Image via ban.jo
What can your business pluck from Banjo? Just about anything happening anywhere in the world, gleaned in real-time from tweets, Facebook updates, Instagram photos and other social media.
Banjo founder and CEO Damien Patton told Vegas Inc. that if someone hits a fire hydrant that forces a road closing, the only person who knows about it before Banjo is the person driving the car that hit the hydrant and posted a photo of the accident.
What started in 2011 as an app to search for geo-located social media posts has evolved from a means to grab data to a global analytics tool. A self-learning algorithm provides what Patton terms a “crystal ball” to view aggregated social media data from a specific geographic area and search for either a pattern or an abnormality in an established pattern.
According to The Wall Street Journal, a grid of 35 billion football-sized squares is overlaid on a world map. Whenever a new image is shared on the web or tagged to a specific location within a given grid, Banjo software classifies it and tracks it. When Banjo detects an abnormality or responds to a search request, it posts visual pins to the grid and transmits continually updated feeds relevant to the tracking. Using the Banjo app on your smartphone, you can see all the related trending events in real time.
Related Article: Thou Shalt Not Tweet: The 7 Deadly Social Media Sins
Image via Fast Company
Peering Into a Virtual Crystal Ball
This process involves about a quadrillion computations every 10 seconds. If that isn’t mind boggling enough, Banjo plans to offer even greater tracking power by increasing its processing speed to a quadrillion computations a second, as well as augmenting social media feeds with other sources, such as weather data and satellite images.
Using Banjo, you can cover breaking news anywhere in the world without reporters or other resources on the ground. Banjo started to make its reputation for this use when, based on a single tweet, it broke news of a shooting at Florida State University ahead of the news media.
Sinclair Broadcasting, with 162 television stations in 79 markets, is currently using Banjo in eight of its stations and plans to roll it out further, News Media Solutions reports. Banjo also partners with BBC, NBC and Fox, according Tech Crunch.
Banjo recently announced $100 million in funding from Softbank. According to its press release, the investment will help Banjo move beyond “social signals” to attempt to know and understand everything, about any location, at any time.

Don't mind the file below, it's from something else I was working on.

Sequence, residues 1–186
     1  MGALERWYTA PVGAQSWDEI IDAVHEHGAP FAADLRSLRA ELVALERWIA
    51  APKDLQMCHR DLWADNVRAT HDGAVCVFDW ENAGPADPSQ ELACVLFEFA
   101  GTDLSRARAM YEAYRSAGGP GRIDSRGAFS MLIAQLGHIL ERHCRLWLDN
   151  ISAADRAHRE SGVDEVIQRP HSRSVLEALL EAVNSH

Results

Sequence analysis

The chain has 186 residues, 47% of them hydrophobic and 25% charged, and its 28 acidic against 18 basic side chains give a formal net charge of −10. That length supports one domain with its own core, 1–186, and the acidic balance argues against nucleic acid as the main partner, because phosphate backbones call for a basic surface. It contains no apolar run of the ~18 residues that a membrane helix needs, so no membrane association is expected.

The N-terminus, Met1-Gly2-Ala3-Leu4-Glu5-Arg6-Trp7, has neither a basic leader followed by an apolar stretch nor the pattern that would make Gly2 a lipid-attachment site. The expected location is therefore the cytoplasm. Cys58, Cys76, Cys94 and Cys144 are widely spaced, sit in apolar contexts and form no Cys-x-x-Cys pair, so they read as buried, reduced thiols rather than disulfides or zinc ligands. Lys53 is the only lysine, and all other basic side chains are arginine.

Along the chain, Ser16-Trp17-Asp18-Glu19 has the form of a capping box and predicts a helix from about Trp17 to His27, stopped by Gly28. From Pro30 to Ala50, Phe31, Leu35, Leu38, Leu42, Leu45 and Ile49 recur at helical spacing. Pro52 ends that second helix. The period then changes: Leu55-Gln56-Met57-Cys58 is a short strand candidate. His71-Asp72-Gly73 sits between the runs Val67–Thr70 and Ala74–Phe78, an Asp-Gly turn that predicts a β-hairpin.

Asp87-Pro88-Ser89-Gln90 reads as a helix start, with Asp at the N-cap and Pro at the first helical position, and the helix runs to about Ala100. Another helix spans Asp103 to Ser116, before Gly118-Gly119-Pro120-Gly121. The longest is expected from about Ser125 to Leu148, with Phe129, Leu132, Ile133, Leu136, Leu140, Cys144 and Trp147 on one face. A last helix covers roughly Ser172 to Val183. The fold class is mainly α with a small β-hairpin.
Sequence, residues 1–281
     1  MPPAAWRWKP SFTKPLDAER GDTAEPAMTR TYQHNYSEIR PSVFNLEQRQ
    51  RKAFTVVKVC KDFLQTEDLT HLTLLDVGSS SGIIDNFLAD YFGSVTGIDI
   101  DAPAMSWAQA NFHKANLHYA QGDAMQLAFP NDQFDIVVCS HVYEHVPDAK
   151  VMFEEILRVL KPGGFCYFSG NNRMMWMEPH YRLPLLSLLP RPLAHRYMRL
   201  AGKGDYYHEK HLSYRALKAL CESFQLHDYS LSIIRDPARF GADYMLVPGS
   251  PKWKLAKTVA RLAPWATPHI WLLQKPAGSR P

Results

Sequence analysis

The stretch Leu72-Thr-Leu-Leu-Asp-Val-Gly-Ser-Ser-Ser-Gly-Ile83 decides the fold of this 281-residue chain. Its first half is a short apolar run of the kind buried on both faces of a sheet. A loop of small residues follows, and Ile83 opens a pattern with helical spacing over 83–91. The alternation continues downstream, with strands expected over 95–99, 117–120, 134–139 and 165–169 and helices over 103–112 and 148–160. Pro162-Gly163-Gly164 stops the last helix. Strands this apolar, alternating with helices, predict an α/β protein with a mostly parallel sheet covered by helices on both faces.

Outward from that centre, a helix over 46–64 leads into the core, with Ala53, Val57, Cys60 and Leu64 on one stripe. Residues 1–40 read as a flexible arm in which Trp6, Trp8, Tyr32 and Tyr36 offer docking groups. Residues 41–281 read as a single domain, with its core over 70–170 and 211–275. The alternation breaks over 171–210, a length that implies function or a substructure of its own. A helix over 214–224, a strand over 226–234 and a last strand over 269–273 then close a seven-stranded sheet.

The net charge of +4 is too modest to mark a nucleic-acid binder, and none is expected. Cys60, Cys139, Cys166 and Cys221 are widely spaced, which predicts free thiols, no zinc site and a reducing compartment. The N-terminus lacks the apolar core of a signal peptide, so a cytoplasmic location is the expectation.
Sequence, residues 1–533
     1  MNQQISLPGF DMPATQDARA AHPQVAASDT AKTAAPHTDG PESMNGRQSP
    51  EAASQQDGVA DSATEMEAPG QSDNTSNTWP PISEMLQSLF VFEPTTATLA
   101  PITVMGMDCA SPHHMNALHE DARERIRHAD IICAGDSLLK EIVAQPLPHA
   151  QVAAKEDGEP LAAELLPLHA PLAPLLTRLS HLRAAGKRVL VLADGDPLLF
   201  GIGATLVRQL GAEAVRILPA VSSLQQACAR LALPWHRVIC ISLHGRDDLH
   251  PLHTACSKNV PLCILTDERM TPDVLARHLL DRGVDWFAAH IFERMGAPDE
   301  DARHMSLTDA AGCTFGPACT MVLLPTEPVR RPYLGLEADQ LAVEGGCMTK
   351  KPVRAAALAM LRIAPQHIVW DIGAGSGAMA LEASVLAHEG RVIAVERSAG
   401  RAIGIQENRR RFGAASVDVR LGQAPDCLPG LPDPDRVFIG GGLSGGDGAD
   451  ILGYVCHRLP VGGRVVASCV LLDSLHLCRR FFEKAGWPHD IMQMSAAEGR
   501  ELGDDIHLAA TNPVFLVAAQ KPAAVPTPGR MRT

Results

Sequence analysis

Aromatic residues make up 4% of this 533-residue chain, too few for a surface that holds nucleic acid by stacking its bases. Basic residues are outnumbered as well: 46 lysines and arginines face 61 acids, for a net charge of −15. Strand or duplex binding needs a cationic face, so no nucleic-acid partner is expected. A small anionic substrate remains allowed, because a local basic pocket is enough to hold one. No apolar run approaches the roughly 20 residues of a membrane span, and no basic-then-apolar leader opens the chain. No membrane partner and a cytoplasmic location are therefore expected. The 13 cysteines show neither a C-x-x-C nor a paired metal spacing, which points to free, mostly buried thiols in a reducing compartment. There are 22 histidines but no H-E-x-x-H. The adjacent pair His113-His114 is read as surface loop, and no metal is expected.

Banjo is Playing Your Brand’s Tune
Do you know what your brand is? Banjo does.
Fortune reports on Banjo’s enterprise service to keep tabs on where products and brand logos appear in specific places and how people interact with them. More than half of videos and photos posted on social media lack meaningful text descriptions or tags that could identify the use of a product or brand display its location. The power of Banjo is its computational ability to not only identify a brand or product displayed on an image, even if the original poster did not, but aggregate these images to report on an event in real-time.
You could, for example, look at selfies posted while people wait in line for some event, then look to see how many of them are wearing t-shirts with your company logo on them. Budweiser uses Banjo to drive social media feeds to determine the success of its "House of Whatever" marketing campaign, and identify issues with line length or find out if a sponsored concert is well received.
Some 30 companies currently pay for this service. As Banjo expands and further refines its software, SMBs can expect an affordable option for their needs. In the meantime, the free consumer app provides you with access to unfolding news stories that can help you assess if your brand is popping up at certain desirable places, e.g., a store opening or business expo.
Speaking of branding, in case you’re wondering what connection there is between Banjo the company and the actual instrument, there isn’t any. According to Adweek, Patton wanted a single name in the tradition of tech giants Amazon and Apple. Banjo is real word, is easy to pronounce, is instantly recognizable and is short. No strings attached.